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A randomised, placebo-controlled, double-blinded trial of duloxetine in the treatment of general fatigue in CFS, 2014, Arnold et al. Cymbalta

Discussion in 'BioMedical ME/CFS Research' started by Hutan, Jan 15, 2020.

  1. Hutan

    Hutan Moderator Staff Member

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    https://www.sciencedirect.com/science/article/abs/pii/S0033318214001935?via=ihub
    https://doi.org/10.1016/j.psym.2014.12.003

    Lesley Arnold, Thomas Blom, Jeffrey Welge, Elizabeth Mariutto, Alicia Heller
    Women’s Health Research Program, Department of Psychiatry and Behavioral Neuroscience, University of Cincinnati College of Medicine, Cincinnati, OH

    Published in the journal Psychosomatics
    Objective
    To assess the efficacy and safety of duloxetine in patients with chronic fatigue syndrome.

    Methods
    A 12-week, randomized, double-blind study was designed to compare duloxetine 60–120 mg/d (n = 30) with placebo (n = 30) for efficacy and safety in the treatment of patients with chronic fatigue syndrome.

    The primary outcome measure was the Multidimensional Fatigue Inventory general fatigue subscale (range: 4–20, with higher scores indicating greater fatigue).

    Secondary measures were the remaining Multidimensional Fatigue Inventory subscales, Brief Pain Inventory, Medical Outcomes Study Short Form-36, Hospital Anxiety and Depression Scale, Centers for Disease Control and Prevention Symptom Inventory, Patient Global Impression of Improvement, and Clinical Global Impression of Severity.

    The primary analysis of efficacy for continuous variables was a longitudinal analysis of the intent-to-treat sample, with treatment-by-time interaction as the measure of effect.

    Results
    The improvement in the Multidimensional Fatigue Inventory general fatigue scores for the duloxetine group was not significantly greater than for the placebo group (P = 0.23; estimated difference between groups at week 12 = −1.0 [95% CI: −2.8, 0.7]).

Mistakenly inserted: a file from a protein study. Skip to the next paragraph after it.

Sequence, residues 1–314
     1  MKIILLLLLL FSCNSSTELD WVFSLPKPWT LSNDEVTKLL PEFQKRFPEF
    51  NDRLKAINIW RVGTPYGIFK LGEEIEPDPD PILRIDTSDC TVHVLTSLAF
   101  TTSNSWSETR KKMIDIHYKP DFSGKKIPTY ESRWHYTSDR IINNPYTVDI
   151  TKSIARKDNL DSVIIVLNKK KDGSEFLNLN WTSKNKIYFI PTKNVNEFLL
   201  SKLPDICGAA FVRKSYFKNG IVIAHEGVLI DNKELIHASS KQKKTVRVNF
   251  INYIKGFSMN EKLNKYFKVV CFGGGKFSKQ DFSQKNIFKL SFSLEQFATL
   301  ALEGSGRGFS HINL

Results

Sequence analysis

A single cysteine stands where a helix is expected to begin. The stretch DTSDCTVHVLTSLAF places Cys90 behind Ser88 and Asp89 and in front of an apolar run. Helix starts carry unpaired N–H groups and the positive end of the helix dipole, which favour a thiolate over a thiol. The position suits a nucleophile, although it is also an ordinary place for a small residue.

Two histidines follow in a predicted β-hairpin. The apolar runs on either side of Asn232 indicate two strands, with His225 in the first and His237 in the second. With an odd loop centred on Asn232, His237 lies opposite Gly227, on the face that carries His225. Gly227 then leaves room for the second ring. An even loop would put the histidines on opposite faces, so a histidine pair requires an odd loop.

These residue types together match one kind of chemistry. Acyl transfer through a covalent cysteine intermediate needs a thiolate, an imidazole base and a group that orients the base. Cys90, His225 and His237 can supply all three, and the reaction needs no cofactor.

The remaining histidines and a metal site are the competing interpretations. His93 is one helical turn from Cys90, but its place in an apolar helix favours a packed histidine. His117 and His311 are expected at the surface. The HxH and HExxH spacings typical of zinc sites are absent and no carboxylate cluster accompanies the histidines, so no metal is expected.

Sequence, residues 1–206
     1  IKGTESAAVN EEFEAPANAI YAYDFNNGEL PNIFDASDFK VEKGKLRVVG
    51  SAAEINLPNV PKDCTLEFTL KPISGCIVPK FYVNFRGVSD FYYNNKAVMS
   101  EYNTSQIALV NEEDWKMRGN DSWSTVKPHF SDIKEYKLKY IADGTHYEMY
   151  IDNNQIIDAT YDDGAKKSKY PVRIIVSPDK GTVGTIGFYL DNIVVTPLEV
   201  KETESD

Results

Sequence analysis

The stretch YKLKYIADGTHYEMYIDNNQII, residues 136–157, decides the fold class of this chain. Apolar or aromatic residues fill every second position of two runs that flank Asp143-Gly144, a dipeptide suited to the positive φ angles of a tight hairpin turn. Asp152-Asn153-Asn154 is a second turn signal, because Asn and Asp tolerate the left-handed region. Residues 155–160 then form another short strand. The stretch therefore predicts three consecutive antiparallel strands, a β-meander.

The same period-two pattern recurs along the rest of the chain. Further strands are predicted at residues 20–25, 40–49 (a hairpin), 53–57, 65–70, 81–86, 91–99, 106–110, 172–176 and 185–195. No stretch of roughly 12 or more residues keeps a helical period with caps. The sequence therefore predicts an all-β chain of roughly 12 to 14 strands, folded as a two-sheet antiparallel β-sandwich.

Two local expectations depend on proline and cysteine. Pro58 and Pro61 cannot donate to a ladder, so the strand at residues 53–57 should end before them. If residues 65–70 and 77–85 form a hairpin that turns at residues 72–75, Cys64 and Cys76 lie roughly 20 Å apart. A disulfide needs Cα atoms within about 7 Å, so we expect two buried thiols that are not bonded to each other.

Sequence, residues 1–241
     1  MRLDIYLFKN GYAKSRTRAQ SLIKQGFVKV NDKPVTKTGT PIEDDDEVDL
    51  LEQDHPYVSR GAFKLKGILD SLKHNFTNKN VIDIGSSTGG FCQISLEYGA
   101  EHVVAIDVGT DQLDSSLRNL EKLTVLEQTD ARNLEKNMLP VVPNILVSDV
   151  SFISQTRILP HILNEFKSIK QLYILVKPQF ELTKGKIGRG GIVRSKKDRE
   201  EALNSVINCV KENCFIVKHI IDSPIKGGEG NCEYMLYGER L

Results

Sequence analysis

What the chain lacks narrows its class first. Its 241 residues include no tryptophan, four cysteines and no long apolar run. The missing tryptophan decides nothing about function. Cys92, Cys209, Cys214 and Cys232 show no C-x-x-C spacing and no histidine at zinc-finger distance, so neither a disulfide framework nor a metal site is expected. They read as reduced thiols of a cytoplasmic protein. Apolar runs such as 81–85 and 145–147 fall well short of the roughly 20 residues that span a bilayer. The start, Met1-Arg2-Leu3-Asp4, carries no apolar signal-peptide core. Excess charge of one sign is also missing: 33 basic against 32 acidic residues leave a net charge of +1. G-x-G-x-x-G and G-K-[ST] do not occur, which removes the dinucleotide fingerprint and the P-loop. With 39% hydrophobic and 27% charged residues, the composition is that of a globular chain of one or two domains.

The duloxetine group was significantly superior to the placebo group on the Multidimensional Fatigue Inventory mental fatigue score, Brief Pain Inventory average pain severity and interference scores, Short Form-36 bodily pain domain, and Clinical Global Impression of Severity score. Duloxetine was generally well tolerated.

    Conclusion
    The primary efficacy measure of general fatigue did not significantly improve with duloxetine when compared with placebo. Significant improvement in secondary measures of mental fatigue, pain, and global measure of severity suggests that duloxetine may be efficacious for some chronic fatigue syndrome symptom domains, but larger controlled trials are needed to confirm these results.
     
  2. Hutan

    Hutan Moderator Staff Member

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    from https://www.medicinenet.com/duloxetine (known as Cymbalta):
    Duloxetine is a selective serotonin and norepinephrine reuptake inhibitor (SNRI) antidepressants used for treating depression, anxiety disorder, and pain. Other drugs in this class include milnacipran (Savella), venlafaxine (Effexor), and desvenlafaxine (Pristiq). Duloxetine affects neurotransmitters, the chemicals that nerves within the brain make and release in order to communicate with one another. Neurotransmitters either travel across the space between nerves and attach to receptors on the surface of nearby nerves or they attach to receptors on the surface of the nerves that produced them, to be taken up by the nerve and released again (a process referred to as re-uptake).